Under Milk Wood – Dylan Thomas

One of Thomas’s last works, commissioned for BBC radio. This play for voices is a day in the life of a small Welsh village. An omniscient narrator introduces each character and a second narrator tells more about their hidden thoughts and desires. Each character has their own vignette, though written in prose the language is poetic, sometimes lewd, often humorous and occasionally poignant. I found though that my reading lacked the power of a TV or radio production. Perhaps I would benefit from a second read?

The English Girl – Katherine Webb

I reviewed this book in my Sunday Sevens #24.

The Haunting – Alan Titchmarsh

All I know of Alan Titchmarsh is from his gardening programmes and his Saturday show on Classic FM. When I saw one of his books, The Haunting on the shelf in WHSmith I was curious. The story is a dual narrative, historical drama set in 1816 and 2010 respectively with a hint of ghosts and a splash of romance. The book is an easy read but the narrative won’t tax the mind. The story is a little contrived and could have been better but it is what it is. I enjoyed it enough to buy another of his novels. Folly.

The Red Letter (short) – Kate Riordan

If I had known this was only 30 pages long I wouldn’t have bought it, however the writing was good and I enjoyed it. The characters were from a previous novel by Riordan, The Girl in the Photograph. Though reading the novella I couldn’t remember the original novel. I had to read the blurb to get any recall. Set in the 1930’s the story is of Marjorie who finds out her husband is having an affair. During the too few pages Marjorie awakens and becomes self aware. The novella ends with Marjorie riding on her bike with her future stretched out with many possibilities.

Birdcage Walk – Kate Riordan

If I like a book by an author I usually seek out other works by them, this was the case with Birdcage Walk, Riordan’s first published work, and you can tell it is! It’s very different in style to that of her later works, The Girl in the Photograph and The Shadow Hour. The story is based on a true tale of murder, mystery and a possible miscarriage of justice. Sadly, Riordan spends too long setting up the back story. Both protagonists are rather quarrelsome and two dimensional, and I didn’t bond with either of them. The narrative only improved after the subsequent murder and trial. There wasn’t much evidence of a miscarriage of justice, but that’s up to the reader to decide. The inevitable wasn’t much of a surprise when it finally arrived.

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David has chosen the next book for me to read. Emma Healey’s Elizabeth is Missing, I have no expectations on what to expect within it’s pages.

Have you read any good books lately, any recommendations?

Thanks for dropping by,

Christine x

 

 

Chester Cathedral Falconry and Nature Gardens

Friday was a busy day for David and I.

I don’t want to waste the two weeks I have off work by just staying at home, languishing. So I suggested to David that we spend the day at Chester. Chester is close enough to home yet has places we have yet to visit. Also we had to be back by 7.30 pm for a concert by the Royal Liverpool Philharmonic!!

So Chester it was, and we decided to visit Chester Cathedral’s Falconry and Nature Gardens. We arrived at 11 am. The entrance fee was £3 per adult, with the ticket we could enter the site as many times as we wanted throughout the day. We looked around the ‘nature gardens’ and I was not impressed. There was only a small green area designated for picnics which had bee hotels and insect homes around the perimeter and another square where the birds of prey were housed, tethered by jess’s.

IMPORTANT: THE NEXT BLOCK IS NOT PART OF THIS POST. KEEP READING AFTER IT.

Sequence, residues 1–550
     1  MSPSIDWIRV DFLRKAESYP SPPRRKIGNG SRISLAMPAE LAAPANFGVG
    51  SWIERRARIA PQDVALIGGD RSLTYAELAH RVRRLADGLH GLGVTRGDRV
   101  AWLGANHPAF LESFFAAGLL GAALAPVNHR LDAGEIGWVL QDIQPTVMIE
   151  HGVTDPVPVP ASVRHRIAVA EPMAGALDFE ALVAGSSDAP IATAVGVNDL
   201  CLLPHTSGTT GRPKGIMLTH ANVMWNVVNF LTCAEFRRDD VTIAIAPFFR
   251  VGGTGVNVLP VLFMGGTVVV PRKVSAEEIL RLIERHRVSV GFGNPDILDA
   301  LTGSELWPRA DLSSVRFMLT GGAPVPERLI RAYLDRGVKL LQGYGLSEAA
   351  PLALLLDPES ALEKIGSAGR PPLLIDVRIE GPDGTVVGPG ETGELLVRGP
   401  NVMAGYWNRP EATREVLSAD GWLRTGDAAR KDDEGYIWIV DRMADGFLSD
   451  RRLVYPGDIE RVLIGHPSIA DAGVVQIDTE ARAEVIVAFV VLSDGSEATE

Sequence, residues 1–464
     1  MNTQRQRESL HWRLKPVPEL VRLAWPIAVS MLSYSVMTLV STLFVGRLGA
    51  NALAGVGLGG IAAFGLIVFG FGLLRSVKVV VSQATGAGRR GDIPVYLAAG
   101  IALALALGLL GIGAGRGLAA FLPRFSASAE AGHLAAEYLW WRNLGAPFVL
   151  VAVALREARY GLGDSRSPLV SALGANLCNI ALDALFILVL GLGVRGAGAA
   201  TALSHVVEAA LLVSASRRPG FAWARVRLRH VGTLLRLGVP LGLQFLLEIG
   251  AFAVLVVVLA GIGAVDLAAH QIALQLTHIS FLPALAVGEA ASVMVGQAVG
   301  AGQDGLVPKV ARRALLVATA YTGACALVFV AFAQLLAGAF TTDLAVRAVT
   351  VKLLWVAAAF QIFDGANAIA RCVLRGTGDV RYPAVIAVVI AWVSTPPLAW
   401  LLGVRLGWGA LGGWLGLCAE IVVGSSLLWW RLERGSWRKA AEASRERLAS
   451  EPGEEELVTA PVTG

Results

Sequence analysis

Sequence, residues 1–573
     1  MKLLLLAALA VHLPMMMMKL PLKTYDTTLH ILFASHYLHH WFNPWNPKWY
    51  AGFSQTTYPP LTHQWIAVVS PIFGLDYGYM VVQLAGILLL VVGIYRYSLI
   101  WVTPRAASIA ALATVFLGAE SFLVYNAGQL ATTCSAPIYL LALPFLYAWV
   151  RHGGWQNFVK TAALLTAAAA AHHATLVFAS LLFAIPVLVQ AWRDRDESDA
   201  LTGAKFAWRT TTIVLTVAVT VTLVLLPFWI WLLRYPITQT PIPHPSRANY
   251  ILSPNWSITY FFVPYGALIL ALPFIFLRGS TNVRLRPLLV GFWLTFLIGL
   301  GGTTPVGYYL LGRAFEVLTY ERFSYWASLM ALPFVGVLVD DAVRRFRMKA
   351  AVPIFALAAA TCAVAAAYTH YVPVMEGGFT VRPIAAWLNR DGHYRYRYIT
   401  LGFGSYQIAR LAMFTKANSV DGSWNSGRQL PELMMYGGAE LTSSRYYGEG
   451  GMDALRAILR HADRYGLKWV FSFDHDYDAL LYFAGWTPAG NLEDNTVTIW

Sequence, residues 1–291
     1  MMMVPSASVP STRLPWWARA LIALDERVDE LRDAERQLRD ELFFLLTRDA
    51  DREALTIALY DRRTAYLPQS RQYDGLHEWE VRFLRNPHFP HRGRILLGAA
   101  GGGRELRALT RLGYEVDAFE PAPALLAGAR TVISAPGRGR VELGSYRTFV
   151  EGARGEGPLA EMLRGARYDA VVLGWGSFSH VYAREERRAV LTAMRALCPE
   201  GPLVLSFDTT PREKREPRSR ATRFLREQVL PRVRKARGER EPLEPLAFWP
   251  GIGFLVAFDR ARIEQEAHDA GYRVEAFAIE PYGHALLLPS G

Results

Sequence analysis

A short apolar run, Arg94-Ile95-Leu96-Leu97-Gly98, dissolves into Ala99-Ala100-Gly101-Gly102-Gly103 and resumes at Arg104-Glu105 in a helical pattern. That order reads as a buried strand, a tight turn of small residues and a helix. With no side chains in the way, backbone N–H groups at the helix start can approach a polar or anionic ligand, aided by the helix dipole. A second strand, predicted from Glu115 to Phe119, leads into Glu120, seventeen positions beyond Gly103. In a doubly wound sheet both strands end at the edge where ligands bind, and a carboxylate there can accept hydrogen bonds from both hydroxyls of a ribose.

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David and I visited during school term time so there was not many people at the centre. During the flight display I counted five couples, David and I included! It was the flight displays that were the highpoint of the visit. The first one was at 12.30 pm so with time to spare David and I visited Chester Cathedral.

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At 12 noon David and I ventured back to Chester Falconry and Nature Garden and had our lunch there, waiting for the 12.30 pm display.

The 12.30 pm display featured an American Black Vulture and a Harris Hawk. I had wanted to see one of the falcons flying but we could not make the 2.30 pm show.

The flight display with Head of Falconry Tommy McNally, was very authoritative and educational. He explained why American Black Vulture’s had no feathers on their heads and how their white legs were a by-product of their own urine, which coats their legs with a sort of antibacterial to keep them clean and free from disease whilst feeding on carrion.

During the performance, we stood in the display field and Tommy asked for a volunteer. A tall, lithe girl volunteered and had to run the length of the field with a chicken head, thus causing the Vulture to run, then fly after her! Tommy said that vultures were lazy birds and this was one way to show them flying!

He then asked for another volunteer and I volunteered David, as I can’t run!! He had a glove put on his left hand and a chicken head placed amongst his fingers. Tommy asked David to run as fast as he could so that the vulture would have to forsake bounding on the ground and flap his wings! David set off with the vulture following his heels. The vulture took flight and soon got the chicken head! David was asked to run back and the vulture was rewarded again with a chicken head!

Frankie the Harris Hawk was next up, and he flew deftly between the heads of the small crowd and also wolfed down a chicken head, much like an owl would!

I find birds of prey highly thrilling and enjoyed my time at Chester Cathedral’s Falconry and Nature Garden’s. It would be a great place to visit during the summer, when in-between shows you can go shopping, have something to eat or visit the river Dee or castle! There is more to see in Chester than meets the eye! A visit to the Roman amphitheatre and the city walls is something that should be on every tourist’s to see list when visiting the area!